Soundtrack Review: Lady in the Water
By Douglas Strassler Aug 9, 2006, 16:18 GMT
M. Night Shyamalan’s Lady in the Water was a departure from his other, twistier, films. Many felt let down by its ultimate lack of suspense, though it had a texture all its own. He reunites with past scoring artist James Newton Howard again for Lady, making them quite the pair of artists by now.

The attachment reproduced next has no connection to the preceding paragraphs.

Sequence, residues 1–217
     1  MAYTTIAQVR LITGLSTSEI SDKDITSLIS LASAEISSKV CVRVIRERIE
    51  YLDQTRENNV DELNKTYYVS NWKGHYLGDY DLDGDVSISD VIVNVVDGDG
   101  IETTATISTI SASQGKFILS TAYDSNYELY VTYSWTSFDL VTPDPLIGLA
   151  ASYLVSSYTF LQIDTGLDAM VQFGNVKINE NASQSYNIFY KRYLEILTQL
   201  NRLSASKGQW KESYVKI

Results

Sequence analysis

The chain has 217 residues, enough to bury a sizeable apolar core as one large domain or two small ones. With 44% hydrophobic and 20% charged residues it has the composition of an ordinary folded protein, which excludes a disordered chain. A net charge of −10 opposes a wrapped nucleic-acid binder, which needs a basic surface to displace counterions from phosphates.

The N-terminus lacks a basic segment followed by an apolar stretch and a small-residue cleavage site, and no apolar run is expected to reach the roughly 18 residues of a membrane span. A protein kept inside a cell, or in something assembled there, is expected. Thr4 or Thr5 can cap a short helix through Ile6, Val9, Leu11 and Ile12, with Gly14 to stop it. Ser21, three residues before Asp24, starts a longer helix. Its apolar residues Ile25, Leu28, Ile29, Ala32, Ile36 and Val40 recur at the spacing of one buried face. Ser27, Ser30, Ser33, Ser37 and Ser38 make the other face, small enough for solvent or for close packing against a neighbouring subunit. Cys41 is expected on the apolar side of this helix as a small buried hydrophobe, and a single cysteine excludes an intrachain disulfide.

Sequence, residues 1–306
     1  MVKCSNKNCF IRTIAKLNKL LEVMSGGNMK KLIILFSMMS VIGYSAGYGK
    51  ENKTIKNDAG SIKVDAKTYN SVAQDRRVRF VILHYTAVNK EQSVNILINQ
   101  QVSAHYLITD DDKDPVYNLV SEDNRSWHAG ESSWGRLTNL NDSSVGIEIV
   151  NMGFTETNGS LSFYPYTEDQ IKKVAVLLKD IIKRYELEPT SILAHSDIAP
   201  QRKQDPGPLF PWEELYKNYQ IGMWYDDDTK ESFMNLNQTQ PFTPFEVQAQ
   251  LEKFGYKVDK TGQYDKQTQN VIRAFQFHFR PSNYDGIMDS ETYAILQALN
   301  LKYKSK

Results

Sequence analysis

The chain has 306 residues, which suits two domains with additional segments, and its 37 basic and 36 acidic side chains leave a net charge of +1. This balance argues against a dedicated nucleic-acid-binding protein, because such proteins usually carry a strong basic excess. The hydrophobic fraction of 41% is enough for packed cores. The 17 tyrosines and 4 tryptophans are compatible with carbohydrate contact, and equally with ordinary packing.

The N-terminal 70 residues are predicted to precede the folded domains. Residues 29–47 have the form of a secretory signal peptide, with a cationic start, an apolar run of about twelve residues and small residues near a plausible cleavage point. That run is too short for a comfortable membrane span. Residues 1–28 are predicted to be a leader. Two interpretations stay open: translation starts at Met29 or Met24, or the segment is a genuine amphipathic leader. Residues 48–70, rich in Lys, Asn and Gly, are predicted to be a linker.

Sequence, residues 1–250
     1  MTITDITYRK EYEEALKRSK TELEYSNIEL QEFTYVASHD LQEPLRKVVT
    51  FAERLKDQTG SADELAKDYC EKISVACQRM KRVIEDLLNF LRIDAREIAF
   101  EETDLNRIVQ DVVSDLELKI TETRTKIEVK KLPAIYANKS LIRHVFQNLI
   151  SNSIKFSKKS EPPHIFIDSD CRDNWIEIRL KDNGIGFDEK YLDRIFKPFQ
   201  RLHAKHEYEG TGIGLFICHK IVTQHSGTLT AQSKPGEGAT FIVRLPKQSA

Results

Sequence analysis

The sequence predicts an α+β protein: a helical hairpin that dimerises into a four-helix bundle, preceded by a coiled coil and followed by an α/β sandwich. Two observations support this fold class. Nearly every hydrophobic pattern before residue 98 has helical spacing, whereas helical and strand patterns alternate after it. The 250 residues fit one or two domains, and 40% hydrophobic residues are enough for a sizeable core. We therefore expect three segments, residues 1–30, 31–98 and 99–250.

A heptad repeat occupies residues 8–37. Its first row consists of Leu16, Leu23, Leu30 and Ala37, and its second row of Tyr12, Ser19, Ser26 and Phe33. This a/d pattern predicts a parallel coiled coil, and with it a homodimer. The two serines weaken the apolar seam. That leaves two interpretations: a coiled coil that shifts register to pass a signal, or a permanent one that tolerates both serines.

Lady tells the “bedtime” story about Cleveland Heep (Paul Giamatti), the superintendent of The Cove (an apartment complex in the outskirts of Shyamalan’s Heep has a past h has tried to forget, but he finds new hop for life with the appearance of a mysterious creature named Story (Bryce Dallas Howard). and his tenants work to bring her back to her world while fighting off her add animal-like enemies. Howard’s score is sweet and scary in all of the right places. It starts right off the bat, with “Prologue,” combining the softer sounds of piano, strings and a chorus. “Charades” is a sad score accompanying Story telling a little about herself. Howard repeats the flute both here and in “Officer Jimbo.” Other tracks are odder and more aloof-sounding. “The Blue World” has an anxious Tone that combines the sense of discovery with fear. “Delivering the Kii” also echoes this theme, blending strings and piano. “The Party,” on the other hand, builds in a slightly bolder fashion. “The Great Eatlon” is also an exciting, brassy song during the climax of Lady. A bonus on the soundtrack is the appearance of several covers of Bob Dylan songs: “The Times They Are A-Changin", sung by A Whisper in the Noise; "Every Grain of Sand" by Amanda Ghost and Silvertide, who cameo in the film, sing “Maggie’s Farm.” The soundtrack features the additional cover of “It Ain’t Me Babe,” also by Silvertide, which does not appear in the film.